When I started this book, I was delighted with the opening narrative, which describes the author, Anthony Martin, accompanied by his students, searching out alligators in their burrows. Martin provides a fairly full picture of how alligators use their burrows, not only to escape dry, hot days, but also to rear young and maintain a watery refuge. Scanning through the chapter titles and image inserts, it was clear I would be reading the tales of many burrowing animals, extant and extinct, from arthropods to megafauna. After reading about human cultures that lived (or still live) underground, I skipped through the chapters, stopping to delve into those that piqued my interest. In the chapter on terraforming a planet, Martin describes his own doctoral research on trilobites in coastal Georgia, including details that provide insight into how we construct the past with the evidence at hand. This section alone would intrigue my students and allow them to see how science is done, as well as how professors interact with graduate students.

Moving on to the chapter “Playing Hide and Seek for Keeps,” I read with interest about trace fossils and body fossils of the Ediacaran. It was at this point that I realized the deeper story here: the narrative of how the evolution of complex life depended, and still turns, upon the knack of animals that burrow. Martin paints a vivid picture of the pre-animal world, and the effect of “mobile, grazing animals” upon that world, composed almost entirely of biomats:

Think of the biomats as barriers to animal progress … the first mobile animals had no claws, teeth, or other anatomical attributes to cut through them. Try to open shrink-wrapped CD cases … but without scissors, fingernails, or teeth, and you will quickly identify with Ediacaran animals. These films also effectively sealed underlying sediments from oxygen introduced by overlying seawater. As a result, oxygen-deprived sediments below biomats constituted hostile territory for animals. (pp. 195–196)

Martin goes on to describe in detail how the burrowing of animals not only disturbs the biomats, but also fundamentally alters what had been pristine anoxic sediments beneath them. In effect, burrowing animals began to transform the sea bottom while simultaneously positioning the animals for the burst of adaptive radiation we call the Cambrian explosion.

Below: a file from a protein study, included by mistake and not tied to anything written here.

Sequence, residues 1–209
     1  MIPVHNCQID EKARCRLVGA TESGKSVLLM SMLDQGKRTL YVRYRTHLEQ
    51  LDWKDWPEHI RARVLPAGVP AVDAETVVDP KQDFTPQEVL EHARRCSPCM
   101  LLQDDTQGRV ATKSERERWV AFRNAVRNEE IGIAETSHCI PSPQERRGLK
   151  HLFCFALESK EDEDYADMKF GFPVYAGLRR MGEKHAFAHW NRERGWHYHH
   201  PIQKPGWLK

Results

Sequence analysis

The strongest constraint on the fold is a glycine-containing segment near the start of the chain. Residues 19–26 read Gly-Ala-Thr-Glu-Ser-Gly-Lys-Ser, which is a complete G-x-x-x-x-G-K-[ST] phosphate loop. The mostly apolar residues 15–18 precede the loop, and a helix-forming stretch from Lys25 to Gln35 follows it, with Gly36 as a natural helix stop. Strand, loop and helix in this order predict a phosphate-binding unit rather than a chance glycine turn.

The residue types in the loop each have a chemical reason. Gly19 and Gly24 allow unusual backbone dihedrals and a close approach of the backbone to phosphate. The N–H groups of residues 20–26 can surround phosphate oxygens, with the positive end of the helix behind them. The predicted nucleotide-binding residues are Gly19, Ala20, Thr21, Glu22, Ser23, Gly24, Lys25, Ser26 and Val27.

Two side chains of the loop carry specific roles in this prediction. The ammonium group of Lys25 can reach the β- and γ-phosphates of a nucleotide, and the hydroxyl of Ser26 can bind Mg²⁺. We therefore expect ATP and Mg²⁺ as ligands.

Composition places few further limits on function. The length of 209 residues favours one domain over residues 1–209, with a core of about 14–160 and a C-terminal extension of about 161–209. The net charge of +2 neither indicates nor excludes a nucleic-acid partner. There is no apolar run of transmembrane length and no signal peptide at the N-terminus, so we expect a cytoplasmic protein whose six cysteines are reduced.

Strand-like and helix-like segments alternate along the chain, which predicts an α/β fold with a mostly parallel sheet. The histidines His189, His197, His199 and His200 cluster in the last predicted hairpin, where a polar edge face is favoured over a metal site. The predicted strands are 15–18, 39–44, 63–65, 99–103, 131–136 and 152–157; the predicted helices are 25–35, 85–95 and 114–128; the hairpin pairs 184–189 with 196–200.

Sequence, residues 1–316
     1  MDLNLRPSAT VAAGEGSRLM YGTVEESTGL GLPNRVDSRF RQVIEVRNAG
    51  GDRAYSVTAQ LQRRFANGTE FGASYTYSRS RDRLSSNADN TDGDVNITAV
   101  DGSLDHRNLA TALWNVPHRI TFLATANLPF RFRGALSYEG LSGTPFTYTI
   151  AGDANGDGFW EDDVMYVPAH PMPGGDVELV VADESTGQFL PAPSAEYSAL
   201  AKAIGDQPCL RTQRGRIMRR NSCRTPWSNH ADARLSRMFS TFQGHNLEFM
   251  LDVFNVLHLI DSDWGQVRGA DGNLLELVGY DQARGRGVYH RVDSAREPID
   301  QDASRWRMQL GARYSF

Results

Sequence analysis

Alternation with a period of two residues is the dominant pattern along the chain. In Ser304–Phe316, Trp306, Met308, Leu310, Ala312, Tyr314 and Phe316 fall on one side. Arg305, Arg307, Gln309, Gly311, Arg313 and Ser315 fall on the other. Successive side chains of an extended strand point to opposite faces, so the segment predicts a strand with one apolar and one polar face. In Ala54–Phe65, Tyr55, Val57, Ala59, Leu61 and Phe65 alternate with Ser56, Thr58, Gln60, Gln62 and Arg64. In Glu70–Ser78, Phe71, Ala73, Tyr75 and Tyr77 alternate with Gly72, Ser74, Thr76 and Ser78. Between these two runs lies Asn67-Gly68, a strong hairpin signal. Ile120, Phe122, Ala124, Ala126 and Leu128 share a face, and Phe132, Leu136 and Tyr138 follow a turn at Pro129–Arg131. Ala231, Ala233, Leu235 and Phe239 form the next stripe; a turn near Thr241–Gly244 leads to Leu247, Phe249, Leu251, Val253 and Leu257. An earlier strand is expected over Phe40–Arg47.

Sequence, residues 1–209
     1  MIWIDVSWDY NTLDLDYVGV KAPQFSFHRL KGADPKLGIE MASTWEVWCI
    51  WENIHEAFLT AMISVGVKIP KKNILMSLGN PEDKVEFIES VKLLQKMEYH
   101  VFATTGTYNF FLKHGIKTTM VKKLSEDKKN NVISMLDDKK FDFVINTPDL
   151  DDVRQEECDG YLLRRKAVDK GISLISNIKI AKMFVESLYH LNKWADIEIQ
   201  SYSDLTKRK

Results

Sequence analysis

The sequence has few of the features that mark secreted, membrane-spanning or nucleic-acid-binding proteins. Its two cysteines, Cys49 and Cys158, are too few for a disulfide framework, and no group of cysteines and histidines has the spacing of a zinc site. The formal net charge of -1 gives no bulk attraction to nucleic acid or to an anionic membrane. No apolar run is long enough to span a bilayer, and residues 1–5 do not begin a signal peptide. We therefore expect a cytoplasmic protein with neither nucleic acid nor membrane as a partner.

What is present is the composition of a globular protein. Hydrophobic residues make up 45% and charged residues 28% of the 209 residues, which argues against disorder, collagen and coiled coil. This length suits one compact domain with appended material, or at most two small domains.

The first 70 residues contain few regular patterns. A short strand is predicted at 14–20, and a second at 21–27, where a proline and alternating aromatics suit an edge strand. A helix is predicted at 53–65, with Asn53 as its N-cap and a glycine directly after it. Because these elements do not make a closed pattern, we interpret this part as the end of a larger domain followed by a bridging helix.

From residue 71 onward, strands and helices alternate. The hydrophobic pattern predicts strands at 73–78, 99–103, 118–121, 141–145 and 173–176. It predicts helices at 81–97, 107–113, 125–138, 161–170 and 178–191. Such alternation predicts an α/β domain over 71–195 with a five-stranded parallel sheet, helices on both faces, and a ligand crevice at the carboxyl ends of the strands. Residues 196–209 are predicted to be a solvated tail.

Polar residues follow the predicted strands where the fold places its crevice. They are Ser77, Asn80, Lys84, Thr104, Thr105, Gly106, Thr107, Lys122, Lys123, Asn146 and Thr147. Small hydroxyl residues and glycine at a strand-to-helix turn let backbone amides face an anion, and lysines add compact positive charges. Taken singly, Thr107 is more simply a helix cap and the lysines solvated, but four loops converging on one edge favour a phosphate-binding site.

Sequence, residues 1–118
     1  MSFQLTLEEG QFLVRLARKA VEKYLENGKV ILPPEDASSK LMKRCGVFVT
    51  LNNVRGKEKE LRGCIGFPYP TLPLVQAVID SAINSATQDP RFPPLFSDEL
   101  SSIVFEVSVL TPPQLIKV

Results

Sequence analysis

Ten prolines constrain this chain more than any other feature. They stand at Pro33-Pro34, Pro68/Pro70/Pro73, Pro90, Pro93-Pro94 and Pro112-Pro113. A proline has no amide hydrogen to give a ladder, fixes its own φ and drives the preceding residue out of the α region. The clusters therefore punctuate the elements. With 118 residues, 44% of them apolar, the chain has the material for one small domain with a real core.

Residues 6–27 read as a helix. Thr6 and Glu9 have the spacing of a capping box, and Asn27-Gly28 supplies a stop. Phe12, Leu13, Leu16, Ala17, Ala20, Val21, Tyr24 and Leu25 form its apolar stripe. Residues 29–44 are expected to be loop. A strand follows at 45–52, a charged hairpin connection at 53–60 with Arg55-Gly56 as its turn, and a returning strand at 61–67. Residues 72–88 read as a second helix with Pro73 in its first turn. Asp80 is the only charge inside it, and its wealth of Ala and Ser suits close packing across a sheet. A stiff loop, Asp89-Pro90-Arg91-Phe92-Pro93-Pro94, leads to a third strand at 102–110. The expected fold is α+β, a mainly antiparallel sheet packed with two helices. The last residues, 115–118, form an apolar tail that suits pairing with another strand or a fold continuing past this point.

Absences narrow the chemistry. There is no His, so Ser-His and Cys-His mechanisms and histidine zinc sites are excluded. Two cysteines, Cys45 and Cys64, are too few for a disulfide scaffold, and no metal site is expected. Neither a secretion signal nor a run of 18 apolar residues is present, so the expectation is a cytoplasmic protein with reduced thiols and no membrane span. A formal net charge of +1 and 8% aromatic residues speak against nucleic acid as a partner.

Every chapter takes a different slant, told with disarming personal information and entertaining turns of phrase that effortlessly pull in contemporary references, even Disney movies: “For a long time, the Earth was frozen – but let it go” (p. 197). From how burrowing mammals survived the asteroid 66 million years ago to how pocket gophers recovered from the eruption of Mount St. Helens, the big picture is rendered more real by the inclusion of vivid details and clear rationales:

This evidence for burrowing synapsids and their mammaliaform descendants before and after the Triassic extinction shows not only how these animals would have lived through major ecological calamities, but also how they avoided direct competition with dinosaurs on the surface. Does your world have predators with nasty, big, pointed teeth? Then go underground. Does your world also have animals large enough that, when they step on you, instantly turn you into a furry crepe? Then go underground. … Are forest fires, volcanic eruptions, … or other disasters making life a little more difficult? Then, well, you get it. (pp. 275–276)

The details of animal history, biology, related geology, and techniques of studying burrows all add up to a satisfying journey through the worlds of burrowing animals. Martin ends with an examination of the Anthropocene and how studying ancient burrows informs our understanding of current and projected future changes:

How do burrows of the past relate to our future, and perhaps hold the key to better predicting how we and the rest of life will adapt to a warming world? This is again where curiosity-driven research about how burrowing animals reacted to and survived mass extinctions in the geologic past might apply. For one, I predict that research on fossil burrows used originally to find fossil fuels will have its utility flipped. Instead, we will use these traces of past lives to discern climatic cycles, which in turn should help us better predict and prepare for the grimmest of climate change scenarios in our near future. (pp. 291–292)